<?xml version="1.0" encoding="utf-8"?>
<Ids4Demo type="Sitecore.Plugin.IdentityProviders.IdentityProvider, Sitecore.Plugin.IdentityProviders">
<DisplayName>IdentityServer Demo Identity Provider</DisplayName>
<!--Place transformation rules here. -->
<ClaimsTransformation1 type="Sitecore.Plugin.IdentityProviders.DefaultClaimsTransformation, Sitecore.Plugin.IdentityProviders">
<Claim1 type="http://schemas.xmlsoap.org/ws/2005/05/identity/claims/upn" />
<Claim1 type="email" />
</ClaimsTransformation1 >
<ClaimsTransformation2 type="Sitecore.Plugin.IdentityProviders.DefaultClaimsTransformation, Sitecore.Plugin.IdentityProviders">
<Claim1 type="http://schemas.xmlsoap.org/ws/2005/05/identity/claims/emailaddress" />
<Claim1 type="email" />

ConfigureSitecore class adds the subprovider in the services collection with appropriate option. In our case the code adds Authority as IdentityServer demo provider and also indicates that it is an external Identity Server to be used for sign in.

using Microsoft.AspNetCore.Authentication;
using Microsoft.AspNetCore.Authentication.OpenIdConnect;
using Microsoft.Extensions.Configuration;
using Microsoft.Extensions.DependencyInjection;
using Microsoft.Extensions.Logging;
using Sitecore.Framework.Runtime.Configuration;
using Sitecore.Plugin.IdentityProvider.Ids4Demo.Configuration;
using System;
using System.Security.Claims;
using System.Threading.Tasks;
namespace Sitecore.Plugin.IdentityProvider.Ids4Demo
public class ConfigureSitecore
private readonly ILogger<ConfigureSitecore> _logger;
private readonly AppSettings _appSettings;
public ConfigureSitecore(ISitecoreConfiguration scConfig, ILogger<ConfigureSitecore> logger)
this._logger = logger;
this._appSettings = new AppSettings();
public void ConfigureServices(IServiceCollection services)
Ids4DemoIdentityProvider ids4DemoProvider = this._appSettings.Ids4DemoIdentityProvider;
if (!ids4DemoProvider.Enabled)
this._logger.LogDebug("Configure '" + ids4DemoProvider.DisplayName + "'. AuthenticationScheme = " + ids4DemoProvider.AuthenticationScheme + ", ClientId = " + ids4DemoProvider.ClientId, Array.Empty<object>());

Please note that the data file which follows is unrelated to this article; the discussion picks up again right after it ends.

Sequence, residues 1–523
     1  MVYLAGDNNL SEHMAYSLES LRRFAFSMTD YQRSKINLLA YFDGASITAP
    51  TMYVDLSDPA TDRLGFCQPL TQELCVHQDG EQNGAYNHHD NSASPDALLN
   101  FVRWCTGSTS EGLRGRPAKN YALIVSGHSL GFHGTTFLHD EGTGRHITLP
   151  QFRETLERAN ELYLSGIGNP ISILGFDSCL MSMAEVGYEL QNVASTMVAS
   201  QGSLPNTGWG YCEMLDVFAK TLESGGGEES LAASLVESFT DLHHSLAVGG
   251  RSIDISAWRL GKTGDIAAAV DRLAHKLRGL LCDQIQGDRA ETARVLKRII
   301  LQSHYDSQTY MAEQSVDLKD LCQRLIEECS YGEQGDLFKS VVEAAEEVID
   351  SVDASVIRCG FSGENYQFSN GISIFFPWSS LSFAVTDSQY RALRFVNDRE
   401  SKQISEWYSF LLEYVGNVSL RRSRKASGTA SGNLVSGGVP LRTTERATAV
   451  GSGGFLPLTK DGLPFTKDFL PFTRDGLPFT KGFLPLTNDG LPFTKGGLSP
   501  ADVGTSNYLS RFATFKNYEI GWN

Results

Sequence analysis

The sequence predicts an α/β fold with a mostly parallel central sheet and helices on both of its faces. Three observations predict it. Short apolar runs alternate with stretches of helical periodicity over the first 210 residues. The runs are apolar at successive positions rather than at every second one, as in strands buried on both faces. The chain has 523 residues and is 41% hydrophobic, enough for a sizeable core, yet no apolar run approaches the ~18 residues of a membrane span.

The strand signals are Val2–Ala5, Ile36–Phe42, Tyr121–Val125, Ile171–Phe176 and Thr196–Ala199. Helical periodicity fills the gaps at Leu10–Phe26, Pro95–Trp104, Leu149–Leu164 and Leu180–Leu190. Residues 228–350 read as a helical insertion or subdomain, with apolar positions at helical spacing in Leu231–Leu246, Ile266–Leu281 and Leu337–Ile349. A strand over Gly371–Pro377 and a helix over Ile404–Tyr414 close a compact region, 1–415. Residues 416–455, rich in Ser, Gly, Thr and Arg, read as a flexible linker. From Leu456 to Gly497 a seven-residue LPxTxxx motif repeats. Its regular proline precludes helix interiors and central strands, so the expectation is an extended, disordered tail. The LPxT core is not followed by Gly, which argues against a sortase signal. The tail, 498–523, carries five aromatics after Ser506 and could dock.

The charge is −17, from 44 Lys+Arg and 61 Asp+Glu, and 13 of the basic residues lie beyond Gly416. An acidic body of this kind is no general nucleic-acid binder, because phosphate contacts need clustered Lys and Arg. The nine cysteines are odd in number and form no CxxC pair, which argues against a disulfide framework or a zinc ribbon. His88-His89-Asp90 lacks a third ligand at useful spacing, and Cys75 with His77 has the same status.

new AuthenticationBuilder(services).AddOpenIdConnect(ids4DemoProvider.AuthenticationScheme, ids4DemoProvider.DisplayName, (Action<OpenIdConnectOptions>)(options =>
options.SignInScheme = "idsrv.external";
options.ClientId = ids4DemoProvider.ClientId;
options.Authority = "https://demo.identityserver.io/";
options.MetadataAddress = ids4DemoProvider.MetadataAddress;
options.CallbackPath = "/signin-idsrv";
options.Events.OnRedirectToIdentityProvider += (Func<RedirectContext, Task>)(context =>
Claim first = context.HttpContext.User.FindFirst("idp");
if (string.Equals(first != null ? first.Value : (string)null, ids4DemoProvider.AuthenticationScheme, StringComparison.Ordinal))
context.ProtocolMessage.Prompt = "select_account";
return Task.CompletedTask;
view raw ConfigureSitecore.cs hosted with ❤ by GitHub

Copy the code as shown the following directory structure under the Sitecore Identity root folder.

│ license.xml

│ Sitecore.Plugin.IdentityProvider.Ids4Demo.dll
│ Sitecore.Plugin.IdentityProvider.Ids4Demo.xml

│ Sitecore.Plugin.manifest


Launch Sitecore shell site. As you are redirected to Sitecore Identity site you should see new login button in the site for the new subprovider as shown in the below picture.

Click on the new subprovider button, it should take you to IdentityServer demo provider for authentication. Enter username bob and password bob, you will be signed and redirected to Sitecore Identity provider. It works like below.

Unfortunately, at this point, when website is redirected to Sitecore Identity, it is throwing a server error. The log shows the following error, ‘ The payload was invalid’.

System.Security.Cryptography.CryptographicException: The payload was invalid.
   at Microsoft.AspNetCore.DataProtection.Cng.CbcAuthenticatedEncryptor.DecryptImpl(Byte* pbCiphertext, UInt32 cbCiphertext, Byte* pbAdditionalAuthenticatedData, UInt32 cbAdditionalAuthenticatedData)
   at Microsoft.AspNetCore.DataProtection.Cng.Internal.CngAuthenticatedEncryptorBase.Decrypt(ArraySegment`1 ciphertext, ArraySegment`1 additionalAuthenticatedData)